Archive for Roma
Last Friday I spent about 24 hours in Roma due to Clara Grazian defending her thesis there, which was awarded the highest PhD degree from both Sapienza Università di Roma and Université Paris-Dauphine. Her thesis was composed of her papers on ABC for integrated likelihood, on Jeffreys priors for mixtures (which sadly was rejected a few weeks ago), and on scoring rules à la Dawid for model choice. Clara was the first student to graduate from the joint graduate program between Sapienza and Paris-Dauphine, and I look forward the graduation of the next students!It was absolutely wonderful to be there, not only to attend the defence with Marilena Barbieri, Fabrizio Leisen, and Brunero Liseo (who was also Clara’s supervisor) and to congratulate Clara on the completion of her thesis, but also to meet [albeit much too briefly] with old friends, to enjoy great Roman food, perfect weather, my usual long run along the Tiber and twelve of its bridges in the glorious Roman morning, and “just” this unique feeling of Roma in Spring…
This morning, Clara Grazian and I arXived a paper about Jeffreys priors for mixtures. This is a part of Clara’s PhD dissertation between Roma and Paris, on which she has worked for the past year. Jeffreys priors cannot be computed analytically for mixtures, which is such a drag that it led us to devise the delayed acceptance algorithm. However, the main message from this detailed study of Jeffreys priors is that they mostly do not work for Gaussian mixture models, in that the posterior is almost invariably improper! This is a definite death knell for Jeffreys priors in this setting, meaning that alternative reference priors, like the one we advocated with Kerrie Mengersen and Mike Titterington, or the similar solution in Roeder and Wasserman, have to be used. [Disclaimer: the title has little to do with the paper, except that posterior means are off for mixtures…]
Clara Grazian and Brunero Liseo (di Roma) have just arXived a note on a method merging copulas, ABC, and empirical likelihood. The approach is rather hybrid and thus not completely Bayesian, but this must be seen as a consequence of an ill-posed problem. Indeed, as in many econometric models, the model there is not fully defined: the marginals of iid observations are represented as being from well-known parametric families (and are thus well-estimated by Bayesian tools), while the joint distribution remains uncertain and hence so does the associated copula. The approach in the paper is to proceed stepwise, i.e., to estimate correctly each marginal, well correctly enough to transform the data by an estimated cdf, and then only to estimate the copula or some aspect of it based on this transformed data. Like Spearman’s ρ. For which an empirical likelihood is computed and aggregated to a prior to make a BCel weight. (If this sounds unclear, each BEel evaluation is based on a random draw from the posterior samples, which transfers some uncertainty in the parameter evaluation into the copula domain. Thanks to Brunero and Clara for clarifying this point for me!)
At this stage of the note, there are two illustrations revolving around Spearman’s ρ. One on simulated data, with better performances than a nonparametric frequentist solution. And another one on a Garch (1,1) model for two financial time-series.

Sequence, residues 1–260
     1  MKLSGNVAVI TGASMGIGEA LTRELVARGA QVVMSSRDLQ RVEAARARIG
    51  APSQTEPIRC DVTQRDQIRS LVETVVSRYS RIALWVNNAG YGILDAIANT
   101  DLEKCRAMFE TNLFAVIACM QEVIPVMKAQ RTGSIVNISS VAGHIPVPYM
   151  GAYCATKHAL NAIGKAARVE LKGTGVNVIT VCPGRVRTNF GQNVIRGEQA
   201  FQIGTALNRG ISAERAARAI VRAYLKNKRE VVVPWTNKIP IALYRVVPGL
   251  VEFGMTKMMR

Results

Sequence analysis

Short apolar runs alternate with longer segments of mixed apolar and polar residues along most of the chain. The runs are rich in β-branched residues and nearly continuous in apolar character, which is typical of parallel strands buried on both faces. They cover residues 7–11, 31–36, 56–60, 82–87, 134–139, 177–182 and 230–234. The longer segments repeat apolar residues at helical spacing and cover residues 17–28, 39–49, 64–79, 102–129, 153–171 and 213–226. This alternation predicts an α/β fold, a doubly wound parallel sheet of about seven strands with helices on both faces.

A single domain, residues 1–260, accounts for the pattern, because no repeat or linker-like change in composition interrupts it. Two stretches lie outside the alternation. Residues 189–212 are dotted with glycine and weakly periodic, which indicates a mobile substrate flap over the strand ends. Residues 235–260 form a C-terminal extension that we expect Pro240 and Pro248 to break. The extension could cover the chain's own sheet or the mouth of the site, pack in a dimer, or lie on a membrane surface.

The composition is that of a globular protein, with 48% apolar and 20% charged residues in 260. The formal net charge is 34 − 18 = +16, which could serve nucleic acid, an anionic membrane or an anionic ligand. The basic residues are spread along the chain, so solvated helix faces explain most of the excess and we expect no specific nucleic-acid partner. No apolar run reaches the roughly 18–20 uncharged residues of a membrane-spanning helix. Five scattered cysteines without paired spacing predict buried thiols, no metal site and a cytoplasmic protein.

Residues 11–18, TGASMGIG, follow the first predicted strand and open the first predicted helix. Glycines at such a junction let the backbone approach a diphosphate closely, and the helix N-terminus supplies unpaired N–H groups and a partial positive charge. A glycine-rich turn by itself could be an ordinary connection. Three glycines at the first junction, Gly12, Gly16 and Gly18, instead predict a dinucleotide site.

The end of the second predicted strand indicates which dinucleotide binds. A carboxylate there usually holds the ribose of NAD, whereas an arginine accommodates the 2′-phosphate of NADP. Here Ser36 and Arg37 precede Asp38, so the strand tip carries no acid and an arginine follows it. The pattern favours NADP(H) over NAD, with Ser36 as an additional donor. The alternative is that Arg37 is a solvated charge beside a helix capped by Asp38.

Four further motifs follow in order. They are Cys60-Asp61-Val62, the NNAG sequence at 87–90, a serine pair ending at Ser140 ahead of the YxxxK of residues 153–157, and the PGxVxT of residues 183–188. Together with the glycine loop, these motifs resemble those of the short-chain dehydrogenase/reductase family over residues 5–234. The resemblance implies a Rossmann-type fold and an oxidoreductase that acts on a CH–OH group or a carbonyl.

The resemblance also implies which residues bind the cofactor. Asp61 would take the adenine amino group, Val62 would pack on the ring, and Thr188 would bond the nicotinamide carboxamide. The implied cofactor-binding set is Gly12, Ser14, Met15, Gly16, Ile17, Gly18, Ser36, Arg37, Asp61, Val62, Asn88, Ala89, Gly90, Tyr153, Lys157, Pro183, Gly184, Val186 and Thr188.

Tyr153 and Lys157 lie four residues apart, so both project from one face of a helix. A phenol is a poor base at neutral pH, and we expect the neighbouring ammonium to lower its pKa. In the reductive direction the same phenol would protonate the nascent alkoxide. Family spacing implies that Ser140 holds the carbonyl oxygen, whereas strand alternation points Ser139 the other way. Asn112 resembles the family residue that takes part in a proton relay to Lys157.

I am quite glad to see an application of our BCel approach in another domain although I feel a tiny bit uncertain about the degree of arbitrariness in the approach, from the estimated cdf transforms of the marginals to the choice of the moment equations identifying the parameter of interest like Spearman’s ρ. Especially if one uses a parametric copula which moments are equally well-known. While I see the practical gain in analysing each component separately, the object created by the estimated cdf transforms may have a very different correlation structure from the true cdf transforms. Maybe there exist consistency conditions on the estimated cdfs… Maybe other notions of orthogonality or independence could be brought into the picture to validate further the two-step solution…
As if a thumb was not enough, I lost the “new” Canon Ixus 115 H5 I bought in replacement of the (mediocre) Nikon Coolpix I lost on Ben Nevis (the title refer to the miracle mentioned in a post in February 2013, when I almost lost my (Nikon Coolpix L26) camera to the cloaca maxima, in Roma). This happened in the park on Sunday morning when I took it in my raincoat pocket to capture the serene heron standing guard at the end of the grand canal… The camera somehow fell from my pocket without me realising it (of course), presumably falling on soft ground and I only discovered it had happened five or six minutes later, when I stood next to the heron. I retraced my steps back but, even at 7:30 a Sunday morning, there was enough traffic for a runner to find it before me. (Maybe he had no gift ready for mother day!) It was not such a great camera and on its trip to Chamonix last X’mas with my daughter it had decided to host a small fungus that lived right on the lens, making zooming close to impossible. (The same thing had happened with the Nikon Coolpix the year before after falling in the snow during my X’mas ski trip.) Just a wee (bit ?) annoying… (Latest picture from the Canon Ixus to come on Sunday!)